As a contractor or freelancer, it’s important to maintain a good work-life balance and plan some time away to re-charge your batteries and spend time with your loved ones. There are no set rules for taking time off as a contractor or freelancer; however, there are some golden rules to follow to manage your time wisely.
Keep your plans for time off reasonable
Unless you are employed on a very short contract or are working on a labour-intensive job such as offshore on an oil rig, it is very unlikely that you will be required to work every day of your contract.
As a general rule of thumb do not plan any time off for more than a week within the first month or so of a contract, and if possible, avoid taking any time off at all to start with. It could affect your chances of securing the contract, and someone else could be hired instead of you who has less time off planned.
Use your time off between contracts wisely
As your time off is not paid by your client there is no limit to the number of days off you can take per year. However, during a contract it is very unlikely that you will have the opportunity to take long periods of time off from the project as this could adversely affect your deliverability or cause a delay in the client meeting another deadline.
If you wish to take long periods of time off (a month or more) it is best to plan to do this between contracts. This way, your time away won’t have any consequences for a client and the projects they need to complete.
It is advised where possible to line up a new contract, or contract renewal, ready for your return. This way you can avoid long periods of time with no income. However, many clients will hire contractors on short notice so it may not be possible to have a contract ready to return to.
If you want to return to work quickly after your time off, keep an eye on job sites and apply for a few contracts whilst you are away if possible.
Inform your client
When you are looking for a new contract you may already have a holiday booked, or a period of time off planned. As a courtesy to a potential client, after receiving an offer of a contract let the client know that you have this time scheduled off if it conflicts with the agreed terms.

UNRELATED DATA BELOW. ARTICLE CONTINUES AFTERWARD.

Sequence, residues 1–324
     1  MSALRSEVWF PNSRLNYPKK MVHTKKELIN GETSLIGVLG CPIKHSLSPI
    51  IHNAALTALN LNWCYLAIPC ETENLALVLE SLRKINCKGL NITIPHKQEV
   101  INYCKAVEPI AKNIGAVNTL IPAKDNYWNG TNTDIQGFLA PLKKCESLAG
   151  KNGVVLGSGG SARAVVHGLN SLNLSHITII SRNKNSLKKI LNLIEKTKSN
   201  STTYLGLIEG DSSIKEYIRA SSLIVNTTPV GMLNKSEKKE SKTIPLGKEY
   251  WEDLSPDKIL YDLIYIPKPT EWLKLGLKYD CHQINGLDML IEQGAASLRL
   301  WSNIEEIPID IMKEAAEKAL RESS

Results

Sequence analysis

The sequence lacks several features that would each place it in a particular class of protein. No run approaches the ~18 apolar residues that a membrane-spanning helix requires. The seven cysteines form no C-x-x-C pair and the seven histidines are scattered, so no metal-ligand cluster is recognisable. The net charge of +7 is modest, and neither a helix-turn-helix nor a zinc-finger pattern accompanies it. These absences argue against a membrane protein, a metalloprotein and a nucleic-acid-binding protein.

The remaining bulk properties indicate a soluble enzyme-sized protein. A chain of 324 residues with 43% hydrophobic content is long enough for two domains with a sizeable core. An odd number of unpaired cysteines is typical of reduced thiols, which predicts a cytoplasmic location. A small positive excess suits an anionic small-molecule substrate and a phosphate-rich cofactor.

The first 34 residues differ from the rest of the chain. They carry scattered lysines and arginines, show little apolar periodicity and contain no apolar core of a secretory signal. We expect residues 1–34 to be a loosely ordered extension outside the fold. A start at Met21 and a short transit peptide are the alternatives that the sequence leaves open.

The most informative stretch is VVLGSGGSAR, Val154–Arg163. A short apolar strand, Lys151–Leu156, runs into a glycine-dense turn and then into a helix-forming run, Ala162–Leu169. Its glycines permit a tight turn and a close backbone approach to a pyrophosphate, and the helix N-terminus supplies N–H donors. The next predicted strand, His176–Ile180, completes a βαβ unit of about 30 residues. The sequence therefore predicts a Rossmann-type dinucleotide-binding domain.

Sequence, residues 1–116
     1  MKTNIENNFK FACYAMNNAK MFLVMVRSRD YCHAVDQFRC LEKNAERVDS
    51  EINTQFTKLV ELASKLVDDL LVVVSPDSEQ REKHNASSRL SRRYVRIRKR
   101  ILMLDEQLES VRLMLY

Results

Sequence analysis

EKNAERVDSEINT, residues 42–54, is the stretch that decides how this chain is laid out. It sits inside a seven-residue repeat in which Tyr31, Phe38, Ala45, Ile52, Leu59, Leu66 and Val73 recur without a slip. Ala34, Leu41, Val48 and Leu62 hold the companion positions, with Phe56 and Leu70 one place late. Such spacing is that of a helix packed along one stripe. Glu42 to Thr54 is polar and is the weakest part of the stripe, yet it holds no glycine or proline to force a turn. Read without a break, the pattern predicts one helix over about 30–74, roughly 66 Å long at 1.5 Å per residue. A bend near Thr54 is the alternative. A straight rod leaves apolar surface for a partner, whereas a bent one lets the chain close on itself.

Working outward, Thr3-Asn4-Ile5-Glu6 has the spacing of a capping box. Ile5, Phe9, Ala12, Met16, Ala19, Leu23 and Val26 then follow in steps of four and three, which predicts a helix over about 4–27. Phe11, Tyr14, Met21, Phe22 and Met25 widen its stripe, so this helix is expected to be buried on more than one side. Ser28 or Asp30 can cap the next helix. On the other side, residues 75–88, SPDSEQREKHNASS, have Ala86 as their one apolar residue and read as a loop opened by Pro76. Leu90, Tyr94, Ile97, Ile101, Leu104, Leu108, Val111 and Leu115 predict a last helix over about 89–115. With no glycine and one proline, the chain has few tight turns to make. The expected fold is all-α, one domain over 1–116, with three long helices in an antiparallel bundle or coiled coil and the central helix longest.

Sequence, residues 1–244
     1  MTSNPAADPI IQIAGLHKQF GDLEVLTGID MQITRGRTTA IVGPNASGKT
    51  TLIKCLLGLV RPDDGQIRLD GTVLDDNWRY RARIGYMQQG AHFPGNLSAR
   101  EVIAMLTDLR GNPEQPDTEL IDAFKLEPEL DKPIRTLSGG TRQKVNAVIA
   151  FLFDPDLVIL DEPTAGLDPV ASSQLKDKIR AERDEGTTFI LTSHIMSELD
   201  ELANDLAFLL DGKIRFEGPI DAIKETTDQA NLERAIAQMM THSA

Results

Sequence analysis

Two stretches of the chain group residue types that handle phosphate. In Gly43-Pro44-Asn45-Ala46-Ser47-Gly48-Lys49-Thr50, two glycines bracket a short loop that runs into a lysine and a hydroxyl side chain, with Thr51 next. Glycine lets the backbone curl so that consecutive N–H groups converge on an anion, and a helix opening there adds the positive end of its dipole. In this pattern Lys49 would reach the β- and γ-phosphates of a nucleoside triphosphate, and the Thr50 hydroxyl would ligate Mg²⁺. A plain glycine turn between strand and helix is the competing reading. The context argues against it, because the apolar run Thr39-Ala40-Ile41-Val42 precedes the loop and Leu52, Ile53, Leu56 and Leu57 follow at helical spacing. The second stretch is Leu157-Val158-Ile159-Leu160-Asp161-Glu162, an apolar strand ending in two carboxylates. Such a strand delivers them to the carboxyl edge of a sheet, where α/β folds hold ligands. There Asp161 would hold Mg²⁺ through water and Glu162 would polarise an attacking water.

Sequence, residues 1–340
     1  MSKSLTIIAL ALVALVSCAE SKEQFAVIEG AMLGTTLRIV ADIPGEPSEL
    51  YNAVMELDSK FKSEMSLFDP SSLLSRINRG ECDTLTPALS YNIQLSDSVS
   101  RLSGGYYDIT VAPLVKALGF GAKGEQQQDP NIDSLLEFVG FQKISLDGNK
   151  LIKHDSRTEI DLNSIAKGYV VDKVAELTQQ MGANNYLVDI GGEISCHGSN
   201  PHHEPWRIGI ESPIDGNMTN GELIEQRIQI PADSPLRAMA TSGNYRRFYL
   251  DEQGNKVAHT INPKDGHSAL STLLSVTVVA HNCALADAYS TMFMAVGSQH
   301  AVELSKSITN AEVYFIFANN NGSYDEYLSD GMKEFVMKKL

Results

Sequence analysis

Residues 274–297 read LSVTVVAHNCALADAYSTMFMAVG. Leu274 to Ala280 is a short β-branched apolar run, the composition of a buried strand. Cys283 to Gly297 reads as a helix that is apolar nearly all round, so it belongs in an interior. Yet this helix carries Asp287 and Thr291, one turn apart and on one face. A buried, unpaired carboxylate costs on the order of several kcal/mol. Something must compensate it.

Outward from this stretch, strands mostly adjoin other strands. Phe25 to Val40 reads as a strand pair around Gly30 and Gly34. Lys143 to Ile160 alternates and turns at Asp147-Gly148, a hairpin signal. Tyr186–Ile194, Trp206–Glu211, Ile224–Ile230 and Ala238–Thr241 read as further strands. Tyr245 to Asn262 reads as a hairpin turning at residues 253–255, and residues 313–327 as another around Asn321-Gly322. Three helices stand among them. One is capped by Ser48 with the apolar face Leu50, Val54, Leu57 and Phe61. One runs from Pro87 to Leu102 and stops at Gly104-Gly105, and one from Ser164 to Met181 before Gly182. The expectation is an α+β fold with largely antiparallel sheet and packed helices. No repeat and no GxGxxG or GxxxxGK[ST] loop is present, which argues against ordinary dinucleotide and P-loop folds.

If you can agree with your client that the time off you have scheduled won’t affect your deliverability of the work set out in the contract, you can either have it written in or agreed more informally in writing. Keep in mind that if you have the right of substitution (one of the pillars of IR35) then you can send a suitable substitute in your place while you are away.
Taking extended time off when you are contracted to work may not always be possible if you are only contracting for a short period of time, or if there is a very tight deadline that is fast approaching. Doing so could cause headaches or lead to a breach in contract on your part.
Make sure your finances cover your holiday periods
As a limited company contractor, you will only get paid when you are working, so you need to budget your finances to have enough to cover yourself when you are taking time off. It is recommended that when you are setting your rates you take into account around 35-40 days off per year. This should account for holidays and any unexpected days off you may have for illness.
Do you need more information about taking time off as a contractor or freelancer? Speak to an expert at Churchill Knight & Associates Ltd
Be prepared and proactive as a contractor or freelancer. Your time off should be a time to unwind and de-stress without having to worry about your next contract or your financial situation.
If you would like any further information regarding how contracting or freelancing works, or if you have any questions regarding your payroll option with Churchill Knight, please do not hesitate to give us a call on 01707 871622.